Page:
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Dallas/Fort Worth to Keflavik: Classic Competition and Hometown Pride

WOW air’s Airbus A330-300 sitting on a hardstand at Dallas-Fort Worth International Airport. (Photo: AirlineGeeks | Parker Davis)

In the evening of May 24, a bright purple Airbus A330-300 touched down at Dallas-Fort Worth International Airport. The aircraft, registered TF-WOW, is one of two of the type flying for Icelandic low-cost carrier WOW air. After taxiing into the Terminal D ramp, pilots tucked the aircraft into a hardstand to begin its overnight stay.

WOW air’s inaugural flight from Keflavik International Airport — located just outside Iceland’s capital and largest city, Reykjavik— represented more than just a new route for a rapidly-growing airline. Rather, WOW air’s newest flight represents just the first frequency of three that capture the essence of competition in the international airline industry today.

On Sept. 4 of last year, WOW air announced their intentions to begin flights to the Texan airport, one of the busiest in the nation.

“Wow air is thrilled to bring our low-fare, transatlantic flight service to Dallas,” Skúli Mogensen, CEO and founder of WOW air said in a statement when the airline announced the flights. “Because of our low-cost fares, we hope more people are enabled to experience international travel. Dallas Fort Worth is a world-class region and we can’t wait to give European travelers the opportunity to experience all that Texas has to offer.”

Not to be outdone, national competitor Icelandair jumped on the boat 10 days later with a route set to begin May 30.

“As we celebrate our 80th anniversary, we are pleased to offer the largest route network in Icelandair’s history,” Icelandair CEO Birkir Holm Gudnason, said at the time, never even referencing WOW’s announcement from just days prior. “Our new service from Dallas-Fort Worth will provide a refreshing alternative for travelers from Texas with non-stop flights to Iceland and beyond. The new DFW route will also open opportunities for European travelers wanting to explore the Dallas-Fort Worth region and the great Lone Star state.”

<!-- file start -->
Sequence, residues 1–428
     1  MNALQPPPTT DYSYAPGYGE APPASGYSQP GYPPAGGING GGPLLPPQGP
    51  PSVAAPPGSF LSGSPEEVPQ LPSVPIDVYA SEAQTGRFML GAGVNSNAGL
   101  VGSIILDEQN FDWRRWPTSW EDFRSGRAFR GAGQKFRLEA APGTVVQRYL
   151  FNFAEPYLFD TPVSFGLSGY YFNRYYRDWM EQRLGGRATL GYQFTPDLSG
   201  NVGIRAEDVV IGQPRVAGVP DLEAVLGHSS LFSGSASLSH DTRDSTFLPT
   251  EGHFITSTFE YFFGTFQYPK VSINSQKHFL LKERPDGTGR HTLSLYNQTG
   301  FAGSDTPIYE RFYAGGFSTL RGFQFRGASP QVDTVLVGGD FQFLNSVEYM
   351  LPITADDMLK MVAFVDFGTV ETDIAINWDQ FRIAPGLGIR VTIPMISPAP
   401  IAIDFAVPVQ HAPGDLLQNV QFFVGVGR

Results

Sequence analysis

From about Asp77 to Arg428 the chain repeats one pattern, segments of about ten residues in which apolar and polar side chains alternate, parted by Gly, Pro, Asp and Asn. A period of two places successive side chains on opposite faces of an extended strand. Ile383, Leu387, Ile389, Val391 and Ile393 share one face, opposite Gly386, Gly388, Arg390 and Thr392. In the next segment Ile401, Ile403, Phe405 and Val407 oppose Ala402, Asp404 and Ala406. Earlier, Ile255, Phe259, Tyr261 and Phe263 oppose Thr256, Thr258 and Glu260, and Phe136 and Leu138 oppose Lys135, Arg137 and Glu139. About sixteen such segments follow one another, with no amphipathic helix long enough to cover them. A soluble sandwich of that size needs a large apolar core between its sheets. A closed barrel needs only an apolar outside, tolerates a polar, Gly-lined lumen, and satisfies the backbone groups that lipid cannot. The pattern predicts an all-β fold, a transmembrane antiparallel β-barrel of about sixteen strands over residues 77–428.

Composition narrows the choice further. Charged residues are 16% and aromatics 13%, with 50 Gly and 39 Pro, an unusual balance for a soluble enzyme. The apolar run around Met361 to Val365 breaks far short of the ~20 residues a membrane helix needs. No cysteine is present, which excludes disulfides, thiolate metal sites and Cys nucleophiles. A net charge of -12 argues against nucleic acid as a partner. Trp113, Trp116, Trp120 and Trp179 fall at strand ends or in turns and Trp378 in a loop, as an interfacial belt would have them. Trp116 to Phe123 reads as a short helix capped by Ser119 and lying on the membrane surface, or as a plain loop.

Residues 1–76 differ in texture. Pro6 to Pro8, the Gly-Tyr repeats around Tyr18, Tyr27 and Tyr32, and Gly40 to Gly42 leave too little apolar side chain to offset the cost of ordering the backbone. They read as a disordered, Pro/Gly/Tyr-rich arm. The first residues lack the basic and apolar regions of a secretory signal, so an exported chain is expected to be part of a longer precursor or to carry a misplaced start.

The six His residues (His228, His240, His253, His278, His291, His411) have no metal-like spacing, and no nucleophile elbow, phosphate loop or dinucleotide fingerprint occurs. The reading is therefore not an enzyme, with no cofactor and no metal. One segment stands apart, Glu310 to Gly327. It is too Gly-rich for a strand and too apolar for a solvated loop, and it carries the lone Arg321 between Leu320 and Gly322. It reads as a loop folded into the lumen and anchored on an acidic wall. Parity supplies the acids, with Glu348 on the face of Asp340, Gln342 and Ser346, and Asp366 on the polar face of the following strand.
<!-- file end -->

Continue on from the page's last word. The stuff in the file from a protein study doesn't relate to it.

But Dallas-Fort Worth, with over 80 percent of its traffic belonging to hometown behemoth American Airlines, rarely sees airlines coming into the city without a word from American. Still, two short months later, many were shocked when American announced they, too, would begin operating flights between DFW and KEF for the summer of 2018.

“Reykjavik has become a very popular leisure destination and we look forward to giving our customers the opportunity to experience Iceland’s unique landscape of geysers, volcanoes and hot springs with our new direct service next summer,” Vasu Raja, American Airlines vice president of network and schedule planning, said in a statement.

Suddenly, thousands of seats per week were available on a route that, just a couple months earlier, nobody had yet experimented with.

But that’s just competition. Icelandair and WOW — two airlines looking to outgrow the other until one can gain dominance over the land of fire and ice, the natural wonder that is so conveniently placed between North America and Europe — squaring off with American — the massive, battle- and bankruptcy-tested machine that could probably afford to lose a few dollars if they had to just so they could operate the route for pride’s sake.

In three days, Icelandair will begin their service, and in 11, so will American. And with two Boeing 757s and an A330 traversing the skies between Keflavik and Dallas throughout the week, there will be no shortage of options for passengers looking for flights to Iceland and beyond.

Parker Davis


  • Parker Davis

    Parker joined AirlineGeeks as a writer and photographer in 2016, combining his longtime love for aviation with a newfound passion for journalism. Since then, he’s worked as a Senior Writer before becoming Editor-in-Chief of the site in 2020. Originally from Dallas and an American frequent flyer, he left behind the city’s rich aviation history to attend college in North Carolina, where he’s studying economics.

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